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A problem on grammar I remember that we cann't use a comma to connect two sentences .However, when reading the book, My China Daily--找不着北, by Edwin maher, I saw this sentence:"I was so determined to learn, I hired a tutor who started with a 90--minute lesson." Is it right to connect two sentences with a comma?
Oct 31, 2012 3:52 PM
Answers · 9
You can put two independent clauses together with a comma. There is nothing wrong with that. When they talk about too many commas, they usually mean more than two clauses separated only by commas. The above sentence could have been written as: I was so determined to learn that I hired a tutor who started with a 90--minute lesson. Notice that 'that' is substituted for the comma. Also, some dependent clauses could be strung together: "I got up out bed, brushed my teeth, took a shower, had breakfast and started of for work." This is legitimate, as the complete thought involved short dependent clauses that have to do with what I did to get to work. This would not be acceptable: "I got out of bed, when I noticed the sun out, I looked out the window, out on the lawn I noticed a man standing." Here, the phrases were longer and not as closely connected. The commas detracted from the understanding. Hope this helps.
October 31, 2012
No, it is not right to connect two sentences with a comma. Your example does not do that. "I was so determined to learn" is not a complete sentence, in the way it is used in this case. It needs "that", followed by another clause, but a comma can substitute for "that". A similar case would be, "She was such a fast runner, she ran to work faster than the bus would take her there."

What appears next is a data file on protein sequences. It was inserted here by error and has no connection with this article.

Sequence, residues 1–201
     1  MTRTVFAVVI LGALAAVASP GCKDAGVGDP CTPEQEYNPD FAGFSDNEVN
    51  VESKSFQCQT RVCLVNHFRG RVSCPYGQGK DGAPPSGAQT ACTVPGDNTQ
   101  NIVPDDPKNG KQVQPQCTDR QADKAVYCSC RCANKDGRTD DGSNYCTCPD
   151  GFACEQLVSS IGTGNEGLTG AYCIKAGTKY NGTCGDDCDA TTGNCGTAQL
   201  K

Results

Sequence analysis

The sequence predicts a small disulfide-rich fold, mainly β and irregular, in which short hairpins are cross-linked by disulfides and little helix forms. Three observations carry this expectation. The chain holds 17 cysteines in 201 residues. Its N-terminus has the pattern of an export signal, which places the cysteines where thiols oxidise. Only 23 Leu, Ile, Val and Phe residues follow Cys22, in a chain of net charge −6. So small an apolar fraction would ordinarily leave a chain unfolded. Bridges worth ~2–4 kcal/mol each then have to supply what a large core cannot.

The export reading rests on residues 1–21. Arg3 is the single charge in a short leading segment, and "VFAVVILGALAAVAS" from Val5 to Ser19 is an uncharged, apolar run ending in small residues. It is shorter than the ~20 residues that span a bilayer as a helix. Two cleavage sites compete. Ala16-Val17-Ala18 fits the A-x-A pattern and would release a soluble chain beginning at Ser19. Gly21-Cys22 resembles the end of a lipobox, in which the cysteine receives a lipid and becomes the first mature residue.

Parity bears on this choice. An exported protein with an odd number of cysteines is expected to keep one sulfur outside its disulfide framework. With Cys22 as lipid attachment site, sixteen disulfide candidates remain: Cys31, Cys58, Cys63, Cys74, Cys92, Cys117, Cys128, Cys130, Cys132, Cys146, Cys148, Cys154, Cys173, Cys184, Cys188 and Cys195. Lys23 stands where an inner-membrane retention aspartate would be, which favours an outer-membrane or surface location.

October 31, 2012
A teacher could probably explain this better, but it looks to me like you don't really have two independent sentences/clauses. "I hired a tutor..." is the weaker (or dependent) clause which depends on the first clause, and there is an understood "that" before this second dependent clause. "I was so determined to learn (that) I hired a tutor...." That's my non-professional evaluation.
October 31, 2012
A comma can be used to mark where a pause would be if the sentence was spoken. Newspapers are informal media (more casual than print books or textbooks) and it is characteristic of that genre of writing to be less precise about punctuation. IMHO.
October 31, 2012
Just wanted to pipe in and say that "rules" about usage don't apply equally to written English and spoken English. There is a huge divide between prescriptive grammar (that tells how language should be used) and descriptive grammar (that describes how language is actually used). As well, there is a continuum of rightness -- some things are rule-governed (third person s) but a lot of grammar is sliding scale ... it depends on context and speakers' intention. It's always been important to make determinations about "correctness" based on 1) the context (what's going on), and 2) the medium (e.g. spoken conversation between two people vs a written text that is one author to hundreds of readers) A huge difference between speaking and writing is the that writing is asynchronous (written at one time, and read/heard much later, with no chance for reader to ask questions/interact with the writer) whereas speaking is a dynamic real time process. Especially as English gets "owned" by fluent but non native speakers, the whole idea of abstract "correctness" is really going down the toilet. It's about communicating with finesse and coherence over a whole conversation -- everyone misunderstands; sometimes due to grammar mistakes, sometimes due to hearing wrong, sometimes due to just not paying attention... This focus on "correctness" is something that rule and accuracy-focused Asian learners often bring to their experience of language learning. IMHO.
November 1, 2012
Language Skills
Chinese (Mandarin), English
Learning Language